MACERATED ONTARIO STRAWBERRIES, vanilla ice cream

Good to go!

June the month for Euro 2012 and wine law reform

Thomas Mulcair and Bill C-311

http://blogs.canada.com/2012/05/31/june-the-month-for-euro-2012-and-wine-law-reform/

June is shaping up to be a great month for Football fans and wine lovers across the nation. With one week to go before the opening matches for the Euro 2012 comes news of a new Canadian wine law. By the time Poland and Greece kick off the Euro next Friday, the tabled bill brought forth by Conservative MP Dan Albas may soon be back in the Senate. This after NDP MP’s wasted precious time by debating the bill ad nauseum on Tuesday night, filibustering its fast track to the Senate. One has to wonder what role Mr. Mulcair played in his party’s stall tactics.

Albus is the British Columbia MP for Okanagan-Coquihalla.  His tweets and website are relentless in the pursuit of this proposed legislation. The purpose of Bill C-311 is to allow Canadian wineries to ship their wines across provinces in opposition to the archaic 1928 Prohibition-era law. After some scrambling, Albus was rescued by Liberal MP Scott Brison, who offered some of his own parliamentary time to slot in Bill C-311 next week. The Bill has another chance to pass on June 6. Mark Hicken, who runs the website freethewine.ca, notes that Provincial monopolies need not fear a loss or revenue “as over 90% of wine is consumed within hours of purchase and direct-to-consumer shipments from wineries only make up a small segment of the marketplace.”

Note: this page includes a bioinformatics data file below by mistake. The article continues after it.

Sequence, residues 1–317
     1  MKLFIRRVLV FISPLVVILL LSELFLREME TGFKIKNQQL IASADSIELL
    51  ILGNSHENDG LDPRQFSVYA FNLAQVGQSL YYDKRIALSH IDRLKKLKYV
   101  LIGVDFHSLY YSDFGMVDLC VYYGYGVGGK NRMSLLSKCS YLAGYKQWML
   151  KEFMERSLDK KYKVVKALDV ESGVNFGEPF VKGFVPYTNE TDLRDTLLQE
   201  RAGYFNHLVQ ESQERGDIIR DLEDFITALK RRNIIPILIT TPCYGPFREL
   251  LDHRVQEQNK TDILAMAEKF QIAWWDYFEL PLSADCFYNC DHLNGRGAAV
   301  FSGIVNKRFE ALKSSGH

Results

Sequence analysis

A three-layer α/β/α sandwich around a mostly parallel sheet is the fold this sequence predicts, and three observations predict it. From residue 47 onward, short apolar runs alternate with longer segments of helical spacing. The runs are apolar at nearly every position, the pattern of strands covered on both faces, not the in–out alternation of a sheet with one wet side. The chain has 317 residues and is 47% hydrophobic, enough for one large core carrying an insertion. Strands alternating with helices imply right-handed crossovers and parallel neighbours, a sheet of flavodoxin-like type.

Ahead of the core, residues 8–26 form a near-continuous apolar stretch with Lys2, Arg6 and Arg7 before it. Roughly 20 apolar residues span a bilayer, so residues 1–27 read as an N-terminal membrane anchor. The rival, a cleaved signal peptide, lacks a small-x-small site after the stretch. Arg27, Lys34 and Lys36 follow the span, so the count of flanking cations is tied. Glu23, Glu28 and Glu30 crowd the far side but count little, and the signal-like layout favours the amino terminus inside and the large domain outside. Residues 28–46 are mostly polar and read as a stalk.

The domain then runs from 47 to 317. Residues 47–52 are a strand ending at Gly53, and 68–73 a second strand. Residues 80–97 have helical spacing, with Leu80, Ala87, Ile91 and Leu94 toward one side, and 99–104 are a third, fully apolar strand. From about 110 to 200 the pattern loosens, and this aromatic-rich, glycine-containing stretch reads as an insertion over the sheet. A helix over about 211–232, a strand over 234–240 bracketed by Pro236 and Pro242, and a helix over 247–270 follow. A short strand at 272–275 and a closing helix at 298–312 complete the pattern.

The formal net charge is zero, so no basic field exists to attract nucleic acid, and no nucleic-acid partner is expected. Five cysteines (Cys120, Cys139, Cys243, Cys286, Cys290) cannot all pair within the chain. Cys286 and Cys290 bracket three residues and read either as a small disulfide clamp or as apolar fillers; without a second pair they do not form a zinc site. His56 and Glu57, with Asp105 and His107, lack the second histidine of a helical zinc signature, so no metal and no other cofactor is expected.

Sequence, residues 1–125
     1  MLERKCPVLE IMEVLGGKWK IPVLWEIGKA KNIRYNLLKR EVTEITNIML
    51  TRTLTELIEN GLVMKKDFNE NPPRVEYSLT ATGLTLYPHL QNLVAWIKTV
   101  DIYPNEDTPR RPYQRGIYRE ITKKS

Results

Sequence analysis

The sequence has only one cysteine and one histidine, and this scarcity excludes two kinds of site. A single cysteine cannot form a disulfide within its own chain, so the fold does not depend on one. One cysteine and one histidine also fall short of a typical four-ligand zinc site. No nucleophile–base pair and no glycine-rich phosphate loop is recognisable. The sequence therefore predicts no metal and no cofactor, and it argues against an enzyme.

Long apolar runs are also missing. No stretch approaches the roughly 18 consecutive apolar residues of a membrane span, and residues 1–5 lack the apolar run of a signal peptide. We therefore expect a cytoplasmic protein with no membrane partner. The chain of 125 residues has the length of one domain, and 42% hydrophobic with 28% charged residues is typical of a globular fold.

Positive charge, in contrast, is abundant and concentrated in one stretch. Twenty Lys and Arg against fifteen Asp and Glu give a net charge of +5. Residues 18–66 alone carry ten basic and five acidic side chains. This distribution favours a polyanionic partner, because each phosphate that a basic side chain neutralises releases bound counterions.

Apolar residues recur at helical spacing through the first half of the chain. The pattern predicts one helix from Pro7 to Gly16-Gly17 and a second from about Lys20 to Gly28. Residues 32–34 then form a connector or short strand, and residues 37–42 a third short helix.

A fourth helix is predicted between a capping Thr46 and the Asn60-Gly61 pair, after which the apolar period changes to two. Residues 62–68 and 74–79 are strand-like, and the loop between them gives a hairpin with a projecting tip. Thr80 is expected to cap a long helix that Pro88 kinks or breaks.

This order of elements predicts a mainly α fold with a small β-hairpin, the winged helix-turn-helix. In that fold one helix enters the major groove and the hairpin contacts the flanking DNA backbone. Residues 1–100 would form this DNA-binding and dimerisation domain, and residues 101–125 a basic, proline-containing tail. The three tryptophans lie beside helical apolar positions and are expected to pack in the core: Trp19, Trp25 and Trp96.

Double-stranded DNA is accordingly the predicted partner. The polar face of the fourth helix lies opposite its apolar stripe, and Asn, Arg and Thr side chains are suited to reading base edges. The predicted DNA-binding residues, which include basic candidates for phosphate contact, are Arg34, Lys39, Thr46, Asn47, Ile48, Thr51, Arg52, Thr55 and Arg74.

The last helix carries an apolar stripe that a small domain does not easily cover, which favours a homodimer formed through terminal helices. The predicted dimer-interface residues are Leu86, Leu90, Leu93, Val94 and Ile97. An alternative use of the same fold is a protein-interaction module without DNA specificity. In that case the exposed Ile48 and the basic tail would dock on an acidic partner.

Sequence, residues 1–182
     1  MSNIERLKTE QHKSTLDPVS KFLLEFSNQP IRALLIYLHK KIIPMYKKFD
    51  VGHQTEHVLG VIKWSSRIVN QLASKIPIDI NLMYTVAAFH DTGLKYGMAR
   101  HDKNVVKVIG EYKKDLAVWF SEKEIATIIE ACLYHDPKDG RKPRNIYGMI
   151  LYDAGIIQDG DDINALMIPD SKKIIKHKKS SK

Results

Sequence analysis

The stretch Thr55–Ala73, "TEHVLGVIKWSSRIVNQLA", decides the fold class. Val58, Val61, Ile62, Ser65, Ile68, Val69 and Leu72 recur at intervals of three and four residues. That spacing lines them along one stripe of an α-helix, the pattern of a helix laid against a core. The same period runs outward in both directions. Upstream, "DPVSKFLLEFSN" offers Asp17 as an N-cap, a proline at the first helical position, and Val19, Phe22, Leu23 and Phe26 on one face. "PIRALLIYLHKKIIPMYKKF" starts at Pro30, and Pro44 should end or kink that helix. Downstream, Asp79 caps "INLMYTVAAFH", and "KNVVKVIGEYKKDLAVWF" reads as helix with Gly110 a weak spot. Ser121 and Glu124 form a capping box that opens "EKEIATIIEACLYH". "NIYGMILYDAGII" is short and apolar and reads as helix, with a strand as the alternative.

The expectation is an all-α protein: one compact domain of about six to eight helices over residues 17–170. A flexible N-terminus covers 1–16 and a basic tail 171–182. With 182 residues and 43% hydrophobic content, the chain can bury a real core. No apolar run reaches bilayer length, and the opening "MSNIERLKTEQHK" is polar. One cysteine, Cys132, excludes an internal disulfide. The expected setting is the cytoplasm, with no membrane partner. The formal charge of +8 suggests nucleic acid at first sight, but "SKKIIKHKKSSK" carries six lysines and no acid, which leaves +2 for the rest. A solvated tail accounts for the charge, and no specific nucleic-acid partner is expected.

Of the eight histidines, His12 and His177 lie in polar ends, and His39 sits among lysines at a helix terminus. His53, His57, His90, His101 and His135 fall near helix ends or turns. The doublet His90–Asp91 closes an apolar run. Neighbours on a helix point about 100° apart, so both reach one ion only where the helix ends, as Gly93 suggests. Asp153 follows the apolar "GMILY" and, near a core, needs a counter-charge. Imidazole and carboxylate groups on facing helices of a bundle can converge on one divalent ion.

While the possibilities of Bill C-311 are exciting, this is just the first step. The law would only apply to shipping from wineries within the country. The law will not effect transfers between monopolies or imports from the United States. Inter-provincial shipping limits will also need to be decided upon.

The question here is Ontario is how will this affect our wine purchasing? David Lawrason wrote back in February that “in Ontario, the limit of this “personal exemption” is still in the hands of the LCBO, and we all wait with bated breath to hear how much wine Father McGuinty and his flock think should be allowed to import before we might be considered ‘traffickers’.  But hey, even a single case minimum would be a help.”

The following BC beauty is being released today in VINTAGES. Here’s to hoping more big reds and aromatic whites out of BC (and Nova Scotia for that matter) will soon be available to Winetarians.

Black Widow Single Vineyard Hourglass 2008 (0258822, $54.00), velveteen in texture, owns an Oyosoos Larose-like liqueur. Gemmish cut and clarity, if not a touch syrupy, but five years should stretch out the thick lines. This is big for Merlot, possessive of a Joan Holloway hourglass figure, disingenuous and exploitive of its sultry French oak flavours. Watch out it don’t black widow you after the first glass.  90

 

Good to go!